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mis, now crossed to the little island of Psyt'talia, and put the Persian garrison to the sword. Xerxes, from his throne on Mount Ægaleos, helplessly watched the confusion and slaughter of his men. The contest lasted until evening, when the straits of Salamis were abandoned by the barbarians.
118. When morning came, the Greeks were ready to renew the battle. The Persians had still a large fleet and a numerous army; and, in the night, the Phoenician transports had been joined so as to make a bridge between Salamis and the mainland. But this was only a feint to cover the real movement. The fleet was already under orders to sail to the Hellespont, and the army retired in a few days to Bootia. Leaving 300,000 men with Mardonius to renew the war in the following year, Xerxes hastened into Asia. His army was reduced on the way by famine and pestilence, and it was but a fragment of the great host which had crossed the Hellespont in the spring of 480, that returned in the autumn.
119. As spring opened, Mardonius prepared to renew the war; but first he sought to accomplish by diplomacy what he had hitherto failed to do by force. Deeply impressed with the valor of the Athenians, he was sure that if he could withdraw them from the confederacy, the rest of Greece would be an easy prey. To this end he sent Alexander I., king of Macedon, his ally, but a former friend of the Athenians, to flatter them with promises of favor and solicit their alliance. The Athenians refused him an audience until they had time to summon delegates from Sparta. When the Spartans had arrived, Alexander delivered his message. The great king offered to the Athenians forgiveness of the injuries they had done him, the restoration of their country and its extension over neighboring territories, the free enjoyment of their own laws, and the means of rebuilding all their temples. He urged the Athenians to embrace so favorable an offer, for to them alone of all the Greeks was forgiveness extended.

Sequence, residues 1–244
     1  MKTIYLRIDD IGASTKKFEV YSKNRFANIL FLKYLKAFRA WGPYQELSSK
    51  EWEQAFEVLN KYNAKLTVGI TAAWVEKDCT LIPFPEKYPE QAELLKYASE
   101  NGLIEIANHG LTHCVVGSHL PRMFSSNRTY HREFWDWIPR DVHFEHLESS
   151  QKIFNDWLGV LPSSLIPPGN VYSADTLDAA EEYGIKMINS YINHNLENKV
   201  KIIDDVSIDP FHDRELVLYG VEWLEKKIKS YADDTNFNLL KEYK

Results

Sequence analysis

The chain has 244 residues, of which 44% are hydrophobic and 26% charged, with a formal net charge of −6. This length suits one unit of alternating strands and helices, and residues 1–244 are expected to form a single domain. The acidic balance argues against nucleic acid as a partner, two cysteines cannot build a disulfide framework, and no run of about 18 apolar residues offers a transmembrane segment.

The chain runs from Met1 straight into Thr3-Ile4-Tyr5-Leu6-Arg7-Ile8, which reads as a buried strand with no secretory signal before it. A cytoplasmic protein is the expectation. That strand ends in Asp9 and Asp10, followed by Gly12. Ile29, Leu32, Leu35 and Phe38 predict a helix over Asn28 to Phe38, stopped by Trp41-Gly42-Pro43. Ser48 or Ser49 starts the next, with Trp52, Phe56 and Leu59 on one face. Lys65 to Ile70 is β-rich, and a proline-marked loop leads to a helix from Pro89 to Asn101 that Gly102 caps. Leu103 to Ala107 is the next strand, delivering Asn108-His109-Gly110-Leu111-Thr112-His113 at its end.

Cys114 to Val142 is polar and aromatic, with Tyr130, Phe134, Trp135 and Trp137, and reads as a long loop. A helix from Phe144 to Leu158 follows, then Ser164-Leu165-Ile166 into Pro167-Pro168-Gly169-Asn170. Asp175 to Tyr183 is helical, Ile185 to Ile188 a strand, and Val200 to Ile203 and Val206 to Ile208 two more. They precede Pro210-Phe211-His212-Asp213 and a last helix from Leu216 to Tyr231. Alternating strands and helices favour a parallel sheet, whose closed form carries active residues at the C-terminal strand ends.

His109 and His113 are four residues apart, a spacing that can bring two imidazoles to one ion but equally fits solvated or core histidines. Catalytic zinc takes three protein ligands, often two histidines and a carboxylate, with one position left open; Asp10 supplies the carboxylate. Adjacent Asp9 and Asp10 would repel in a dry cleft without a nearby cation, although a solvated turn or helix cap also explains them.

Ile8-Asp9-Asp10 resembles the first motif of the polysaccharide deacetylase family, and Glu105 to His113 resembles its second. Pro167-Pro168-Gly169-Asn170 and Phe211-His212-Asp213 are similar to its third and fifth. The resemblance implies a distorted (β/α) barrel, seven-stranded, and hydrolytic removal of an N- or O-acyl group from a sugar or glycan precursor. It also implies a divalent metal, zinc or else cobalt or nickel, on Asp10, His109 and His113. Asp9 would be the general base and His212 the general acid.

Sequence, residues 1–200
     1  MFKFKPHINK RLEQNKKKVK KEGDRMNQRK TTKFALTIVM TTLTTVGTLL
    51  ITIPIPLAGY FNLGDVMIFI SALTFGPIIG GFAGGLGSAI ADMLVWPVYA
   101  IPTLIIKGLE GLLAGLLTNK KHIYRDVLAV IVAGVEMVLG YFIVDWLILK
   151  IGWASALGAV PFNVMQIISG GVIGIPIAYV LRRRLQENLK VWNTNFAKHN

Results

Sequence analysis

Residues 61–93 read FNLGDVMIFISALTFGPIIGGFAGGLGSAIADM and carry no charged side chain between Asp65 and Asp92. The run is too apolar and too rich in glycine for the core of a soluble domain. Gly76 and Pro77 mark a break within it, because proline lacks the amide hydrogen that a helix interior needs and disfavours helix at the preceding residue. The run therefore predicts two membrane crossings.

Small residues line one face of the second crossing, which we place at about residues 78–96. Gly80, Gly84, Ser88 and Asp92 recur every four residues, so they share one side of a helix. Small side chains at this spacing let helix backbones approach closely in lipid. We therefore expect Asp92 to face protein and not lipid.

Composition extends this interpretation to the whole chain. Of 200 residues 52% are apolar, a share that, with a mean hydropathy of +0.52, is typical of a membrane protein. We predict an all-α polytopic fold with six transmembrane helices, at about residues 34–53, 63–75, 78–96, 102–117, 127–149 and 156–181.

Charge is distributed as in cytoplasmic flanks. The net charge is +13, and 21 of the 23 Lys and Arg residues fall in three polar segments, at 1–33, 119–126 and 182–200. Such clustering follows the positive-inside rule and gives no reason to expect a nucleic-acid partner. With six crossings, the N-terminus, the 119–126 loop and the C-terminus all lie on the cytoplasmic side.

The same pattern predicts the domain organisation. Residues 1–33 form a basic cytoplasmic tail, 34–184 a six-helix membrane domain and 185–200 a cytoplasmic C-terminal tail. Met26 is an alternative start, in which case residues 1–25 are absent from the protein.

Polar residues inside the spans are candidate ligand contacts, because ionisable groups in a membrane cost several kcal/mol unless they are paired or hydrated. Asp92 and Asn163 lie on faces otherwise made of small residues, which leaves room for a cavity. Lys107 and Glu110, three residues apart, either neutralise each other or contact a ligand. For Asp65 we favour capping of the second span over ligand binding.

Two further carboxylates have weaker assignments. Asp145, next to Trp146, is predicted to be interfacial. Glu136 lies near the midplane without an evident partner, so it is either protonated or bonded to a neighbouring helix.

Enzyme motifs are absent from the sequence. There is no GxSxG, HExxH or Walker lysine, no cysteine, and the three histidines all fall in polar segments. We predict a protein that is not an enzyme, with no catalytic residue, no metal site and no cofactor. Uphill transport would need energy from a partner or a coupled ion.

120. The Athenians replied: "We are not ignorant of the power of the Mede, but for the sake of freedom we will resist that power as we can. Bear back to Mardonius this our answer: So long as yonder sun continues his course, so long we forswear all friendship with Xerxes; so long, confiding in the aid of our gods and heroes, whose shrines and altars he has burnt, we will struggle against him for revenge. As for you, Spartans, knowing our spirit, you should be ashamed to fear our alliance with the barbarian. Send your forces into the field without delay. The enemy will be upon us when he knows our answer. Let us meet him in Boeotia before he proceed to Attica."
121. The Athenians had rightly judged the immediateness of the danger. Scarcely was their answer received when the Persian general was in motion,
B. C. 479.
and advanced by rapid marches to the borders of Attica. He was reenforced at every halt by northern Greeks, moved either by terror of his power or by long-standing jealousies against the members of the League. The Attic territory was utterly desolate and Athens a second time deserted. Taking possession of that city, Mardonius dispatched a Greek messenger to Salamis, repeating his former propositions, which were as instantly rejected as before.
The Athenians were a second time homeless, and, for the moment, standing alone against the enemies of Greece. The Spartans were engaged in some long-continued solemnities—perhaps the funeral of their regent, Cleom'brotus — and allowed the Athenian messengers to wait ten days for an answer. Not until the indignant envoys had threatened to make terms with Mardonius and leave Sparta to her fate, did the ephors bestir themselves, but then it was with true Spartan energy and dispatch. Five thousand Spartans and 35,000 slaves were sent, under the command of Pausanias, the new regent, to whom the ephors added a guard of 5,000 heavy-armed Laconians.
122. Hearing of the advance of the Spartans, the Persian thought best to retreat. He again set fire to Athens, leveled to the ground whatever remained of its walls and temples, and retired into Boeotia. Here he arranged his camp on a branch of the Asopus, not far from the city of Platea. The Spartans followed, having been joined at the isthmus by the Peloponnesian allies, and, at Eleusis, by the Athenians. The Greek forces occupied the lower slopes of Mount Citharon, with the river before them, separating them from the Persians.